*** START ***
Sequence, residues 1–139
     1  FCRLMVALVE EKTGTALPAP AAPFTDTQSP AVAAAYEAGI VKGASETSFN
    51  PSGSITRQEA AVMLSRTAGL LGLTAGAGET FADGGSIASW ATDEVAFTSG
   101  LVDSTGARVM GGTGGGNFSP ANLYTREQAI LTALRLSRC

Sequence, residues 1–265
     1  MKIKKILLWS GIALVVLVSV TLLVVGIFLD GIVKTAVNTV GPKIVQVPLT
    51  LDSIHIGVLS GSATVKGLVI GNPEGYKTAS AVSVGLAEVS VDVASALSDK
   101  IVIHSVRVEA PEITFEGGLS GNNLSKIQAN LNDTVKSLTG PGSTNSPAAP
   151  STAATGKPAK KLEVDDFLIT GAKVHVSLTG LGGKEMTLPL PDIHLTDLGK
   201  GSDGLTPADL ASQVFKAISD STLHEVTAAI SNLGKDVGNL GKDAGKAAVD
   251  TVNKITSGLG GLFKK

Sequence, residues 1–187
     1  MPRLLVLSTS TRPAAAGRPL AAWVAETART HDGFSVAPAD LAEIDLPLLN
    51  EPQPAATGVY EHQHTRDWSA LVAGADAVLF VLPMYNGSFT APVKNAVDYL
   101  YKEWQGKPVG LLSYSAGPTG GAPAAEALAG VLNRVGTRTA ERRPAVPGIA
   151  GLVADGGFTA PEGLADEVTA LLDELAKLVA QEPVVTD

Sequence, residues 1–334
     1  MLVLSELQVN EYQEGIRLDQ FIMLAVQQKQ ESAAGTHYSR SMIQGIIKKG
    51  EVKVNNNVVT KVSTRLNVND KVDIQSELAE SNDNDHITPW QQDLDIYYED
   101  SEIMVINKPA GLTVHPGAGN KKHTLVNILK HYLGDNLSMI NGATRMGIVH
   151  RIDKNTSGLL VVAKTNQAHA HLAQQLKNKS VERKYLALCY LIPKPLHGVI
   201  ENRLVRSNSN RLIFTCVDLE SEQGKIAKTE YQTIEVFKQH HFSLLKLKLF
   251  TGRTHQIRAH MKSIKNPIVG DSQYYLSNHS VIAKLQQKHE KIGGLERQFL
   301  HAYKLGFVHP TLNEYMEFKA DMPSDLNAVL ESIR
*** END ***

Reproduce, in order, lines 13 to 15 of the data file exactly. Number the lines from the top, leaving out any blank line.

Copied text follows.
     1  MPRLLVLSTS TRPAAAGRPL AAWVAETART HDGFSVAPAD LAEIDLPLLN
    51  EPQPAATGVY EHQHTRDWSA LVAGADAVLF VLPMYNGSFT APVKNAVDYL
   101  YKEWQGKPVG LLSYSAGPTG GAPAAEALAG VLNRVGTRTA ERRPAVPGIA